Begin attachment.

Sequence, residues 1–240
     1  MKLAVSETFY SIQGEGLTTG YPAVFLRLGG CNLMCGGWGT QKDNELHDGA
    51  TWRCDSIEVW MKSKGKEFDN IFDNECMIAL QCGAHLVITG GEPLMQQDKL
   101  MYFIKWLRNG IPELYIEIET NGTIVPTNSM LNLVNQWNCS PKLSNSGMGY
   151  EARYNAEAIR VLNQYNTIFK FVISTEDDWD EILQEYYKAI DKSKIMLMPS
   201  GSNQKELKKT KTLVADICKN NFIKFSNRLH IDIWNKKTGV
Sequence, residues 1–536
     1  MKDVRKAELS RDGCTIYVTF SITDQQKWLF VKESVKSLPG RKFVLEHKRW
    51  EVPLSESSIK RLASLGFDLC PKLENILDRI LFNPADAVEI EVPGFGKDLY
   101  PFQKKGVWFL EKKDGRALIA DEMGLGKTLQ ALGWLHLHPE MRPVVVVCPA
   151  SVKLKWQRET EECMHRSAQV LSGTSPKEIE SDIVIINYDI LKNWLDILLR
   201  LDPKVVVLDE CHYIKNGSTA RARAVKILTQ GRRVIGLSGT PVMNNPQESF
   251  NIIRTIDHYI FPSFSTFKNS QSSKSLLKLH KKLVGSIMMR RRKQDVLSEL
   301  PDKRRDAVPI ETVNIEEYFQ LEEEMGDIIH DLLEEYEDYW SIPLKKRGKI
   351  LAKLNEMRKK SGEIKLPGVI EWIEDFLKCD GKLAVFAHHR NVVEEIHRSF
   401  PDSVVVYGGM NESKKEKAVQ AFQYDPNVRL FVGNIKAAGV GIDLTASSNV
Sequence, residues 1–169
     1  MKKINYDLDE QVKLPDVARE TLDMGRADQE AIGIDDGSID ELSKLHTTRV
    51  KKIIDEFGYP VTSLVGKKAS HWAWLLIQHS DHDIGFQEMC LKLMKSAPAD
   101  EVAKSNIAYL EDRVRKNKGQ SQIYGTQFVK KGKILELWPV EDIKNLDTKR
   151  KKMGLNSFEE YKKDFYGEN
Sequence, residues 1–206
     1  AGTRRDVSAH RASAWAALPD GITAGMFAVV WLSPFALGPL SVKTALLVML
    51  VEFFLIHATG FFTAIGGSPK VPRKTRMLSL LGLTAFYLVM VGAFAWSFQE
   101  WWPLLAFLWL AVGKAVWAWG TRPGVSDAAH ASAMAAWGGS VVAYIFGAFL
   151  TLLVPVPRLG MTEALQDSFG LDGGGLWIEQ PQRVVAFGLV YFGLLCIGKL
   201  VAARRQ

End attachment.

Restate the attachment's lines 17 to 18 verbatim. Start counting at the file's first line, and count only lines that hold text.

Sequence, residues 1–169
     1  MKKINYDLDE QVKLPDVARE TLDMGRADQE AIGIDDGSID ELSKLHTTRV